Controversial sculpture up for Aboriginal Art Prize

Aboriginal artist Myangah Pirate laughs when he says his face goes with his art.

"It's very confrontational," Pirate says of his heavily tattooed face, which reveals stories much like his art does.

Pirate has been named as a finalist in this year's NSW Aboriginal Art Prize, along with Illawarra artists Glen Duffield and Mark Williers of Culburra Beach, Terrence Wright of Wollongong, Barry Cooper of Orient Point, and Warwick Keen of Nowra.

The $40,000 prize, to be announced in NSW Parliament on October 17, is the richest art prize for Aboriginal artists in Australia.

Pirate's work, The Gods Had No Mouths, is typical of his art - using only natural materials such as ochre, wood, bark, leather and animal remains - in this case, an echidna.

Of course, it's controversial.

"When we showed it here [in Nowra] we had people complain and now it's on view on the national stage and no-one's complaining," he said.

Pirate is a third-time finalist in the awards.

"I do stuff nobody else does - it's controversial and it sponsors debate."

Pirate says his life-size representation of ancestral beings shows that the gods were represented by a multitude of animals and that mouths and eyes were not always present.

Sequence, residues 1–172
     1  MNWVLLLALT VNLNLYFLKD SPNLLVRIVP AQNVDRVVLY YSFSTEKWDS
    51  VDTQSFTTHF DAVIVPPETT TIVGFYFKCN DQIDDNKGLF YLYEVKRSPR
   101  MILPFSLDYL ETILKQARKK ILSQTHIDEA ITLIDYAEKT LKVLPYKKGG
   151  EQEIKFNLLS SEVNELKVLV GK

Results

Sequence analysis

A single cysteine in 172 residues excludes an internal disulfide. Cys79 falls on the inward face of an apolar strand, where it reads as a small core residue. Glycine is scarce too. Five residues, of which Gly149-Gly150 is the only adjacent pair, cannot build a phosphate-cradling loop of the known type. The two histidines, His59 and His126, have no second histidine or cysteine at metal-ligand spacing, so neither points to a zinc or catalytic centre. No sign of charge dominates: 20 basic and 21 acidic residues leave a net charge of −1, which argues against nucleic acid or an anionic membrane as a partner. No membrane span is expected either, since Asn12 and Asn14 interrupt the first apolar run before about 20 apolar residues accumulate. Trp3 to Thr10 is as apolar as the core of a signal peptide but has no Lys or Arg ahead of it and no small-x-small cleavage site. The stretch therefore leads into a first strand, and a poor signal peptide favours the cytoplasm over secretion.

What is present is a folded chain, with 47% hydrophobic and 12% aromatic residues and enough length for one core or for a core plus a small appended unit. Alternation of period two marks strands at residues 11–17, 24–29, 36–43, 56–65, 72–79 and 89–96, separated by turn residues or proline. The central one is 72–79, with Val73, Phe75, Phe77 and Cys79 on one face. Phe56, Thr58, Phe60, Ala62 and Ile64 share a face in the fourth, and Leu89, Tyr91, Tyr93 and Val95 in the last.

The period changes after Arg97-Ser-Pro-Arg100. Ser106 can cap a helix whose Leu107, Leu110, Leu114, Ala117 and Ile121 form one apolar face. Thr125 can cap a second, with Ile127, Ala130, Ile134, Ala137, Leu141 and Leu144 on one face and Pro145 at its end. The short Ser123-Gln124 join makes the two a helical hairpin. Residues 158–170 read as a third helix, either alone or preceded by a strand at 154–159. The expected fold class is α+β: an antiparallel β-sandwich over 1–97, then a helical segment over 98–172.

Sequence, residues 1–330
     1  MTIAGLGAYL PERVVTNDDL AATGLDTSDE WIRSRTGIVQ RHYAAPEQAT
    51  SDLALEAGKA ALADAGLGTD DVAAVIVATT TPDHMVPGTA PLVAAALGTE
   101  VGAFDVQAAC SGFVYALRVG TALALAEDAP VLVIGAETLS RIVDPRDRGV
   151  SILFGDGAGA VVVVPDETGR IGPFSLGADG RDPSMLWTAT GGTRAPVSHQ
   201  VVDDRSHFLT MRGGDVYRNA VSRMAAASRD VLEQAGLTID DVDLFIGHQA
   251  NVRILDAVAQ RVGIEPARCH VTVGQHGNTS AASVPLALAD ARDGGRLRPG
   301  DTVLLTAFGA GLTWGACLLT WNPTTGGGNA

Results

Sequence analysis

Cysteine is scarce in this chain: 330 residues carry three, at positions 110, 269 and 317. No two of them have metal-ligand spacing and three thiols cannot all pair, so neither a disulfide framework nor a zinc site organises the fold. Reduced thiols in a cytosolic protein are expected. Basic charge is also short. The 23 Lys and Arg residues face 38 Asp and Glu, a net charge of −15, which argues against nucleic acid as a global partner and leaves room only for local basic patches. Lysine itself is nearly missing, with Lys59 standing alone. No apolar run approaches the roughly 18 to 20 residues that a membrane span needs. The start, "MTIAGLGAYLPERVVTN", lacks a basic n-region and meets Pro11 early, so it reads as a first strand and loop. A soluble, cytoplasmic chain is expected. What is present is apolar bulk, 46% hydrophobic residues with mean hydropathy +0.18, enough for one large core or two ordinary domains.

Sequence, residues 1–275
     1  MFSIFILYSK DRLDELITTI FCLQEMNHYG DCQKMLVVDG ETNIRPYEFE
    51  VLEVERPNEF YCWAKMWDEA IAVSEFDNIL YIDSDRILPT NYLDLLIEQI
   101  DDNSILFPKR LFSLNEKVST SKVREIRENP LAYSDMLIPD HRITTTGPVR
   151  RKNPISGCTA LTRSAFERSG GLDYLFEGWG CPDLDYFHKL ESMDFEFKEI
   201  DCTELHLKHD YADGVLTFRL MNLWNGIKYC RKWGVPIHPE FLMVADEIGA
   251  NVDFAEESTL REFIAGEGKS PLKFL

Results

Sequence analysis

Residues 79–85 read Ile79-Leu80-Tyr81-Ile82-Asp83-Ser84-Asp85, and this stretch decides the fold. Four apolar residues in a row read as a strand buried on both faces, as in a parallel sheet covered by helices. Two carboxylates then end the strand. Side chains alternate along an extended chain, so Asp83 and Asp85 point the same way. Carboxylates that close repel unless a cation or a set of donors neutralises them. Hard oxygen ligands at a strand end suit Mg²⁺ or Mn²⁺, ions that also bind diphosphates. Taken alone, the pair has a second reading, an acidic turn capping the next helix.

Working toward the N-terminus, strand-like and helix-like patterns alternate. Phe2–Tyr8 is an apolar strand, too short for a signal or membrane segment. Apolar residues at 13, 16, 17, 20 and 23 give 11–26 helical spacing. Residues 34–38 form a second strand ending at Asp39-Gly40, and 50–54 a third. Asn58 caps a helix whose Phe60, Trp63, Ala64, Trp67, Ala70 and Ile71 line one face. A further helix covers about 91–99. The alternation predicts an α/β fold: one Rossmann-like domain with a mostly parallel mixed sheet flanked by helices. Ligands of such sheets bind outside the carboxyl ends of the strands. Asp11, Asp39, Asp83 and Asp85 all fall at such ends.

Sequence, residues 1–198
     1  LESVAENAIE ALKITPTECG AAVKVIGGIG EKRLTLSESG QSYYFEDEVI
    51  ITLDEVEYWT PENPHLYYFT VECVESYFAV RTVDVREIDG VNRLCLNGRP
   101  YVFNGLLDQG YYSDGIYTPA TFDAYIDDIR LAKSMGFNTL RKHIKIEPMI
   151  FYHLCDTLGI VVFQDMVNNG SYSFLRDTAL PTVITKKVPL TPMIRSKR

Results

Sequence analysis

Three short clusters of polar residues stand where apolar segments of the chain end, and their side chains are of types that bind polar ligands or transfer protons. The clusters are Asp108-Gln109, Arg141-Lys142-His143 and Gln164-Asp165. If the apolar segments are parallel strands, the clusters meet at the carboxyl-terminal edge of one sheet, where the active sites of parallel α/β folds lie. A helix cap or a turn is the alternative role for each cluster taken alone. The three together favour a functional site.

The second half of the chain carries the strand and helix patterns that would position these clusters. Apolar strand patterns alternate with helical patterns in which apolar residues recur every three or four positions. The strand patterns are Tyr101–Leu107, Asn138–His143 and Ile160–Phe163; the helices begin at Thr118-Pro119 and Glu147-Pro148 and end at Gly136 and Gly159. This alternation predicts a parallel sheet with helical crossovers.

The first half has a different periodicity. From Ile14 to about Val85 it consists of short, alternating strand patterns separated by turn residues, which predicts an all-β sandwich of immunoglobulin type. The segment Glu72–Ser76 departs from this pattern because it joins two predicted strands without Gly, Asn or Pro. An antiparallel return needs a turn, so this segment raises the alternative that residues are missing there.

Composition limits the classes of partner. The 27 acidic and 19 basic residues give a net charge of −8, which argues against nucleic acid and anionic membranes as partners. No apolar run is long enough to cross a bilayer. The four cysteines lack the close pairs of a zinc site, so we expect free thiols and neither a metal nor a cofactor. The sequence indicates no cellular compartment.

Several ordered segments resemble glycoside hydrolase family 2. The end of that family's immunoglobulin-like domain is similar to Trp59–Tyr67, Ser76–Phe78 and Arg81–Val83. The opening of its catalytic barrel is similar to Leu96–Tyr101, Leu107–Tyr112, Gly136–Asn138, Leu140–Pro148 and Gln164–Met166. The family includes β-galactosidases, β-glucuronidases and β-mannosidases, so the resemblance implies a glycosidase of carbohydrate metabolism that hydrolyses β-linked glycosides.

"I'm developing contemporary cultural attitudes with traditional materials," says Pirate, who learned art from his grandfather. "Everything I use is roadkill or bartered or is from reciprocal gift-giving.

"If I'm going to paint, I'm going to cut the bark off a tree and it takes at least two weeks to prepare."

He can spend up to 400 hours working on a sculpture.

Fellow award finalist Terrence Wright used art to help to heal when his brother died 18 years ago, and in the process he discovered a passion for dendroglyphs, which he carves into didgeridoos.

"I suppose it was part of the grieving process and I carved a didgeridoo and covered it with the story of five siblings and the two parents and gave it to my parents," Wright says.

The Wollongong artist says he is inspired by the patterns and designs seen in nature.

His entry in the award, Connections: Ode to the Dendroglyphs, is made from three carved didgeridoos - each with a story highlighting the connections of the land to the people.

"Eventually I'd like to custom-make pieces for people that tell their stories on it," he says.

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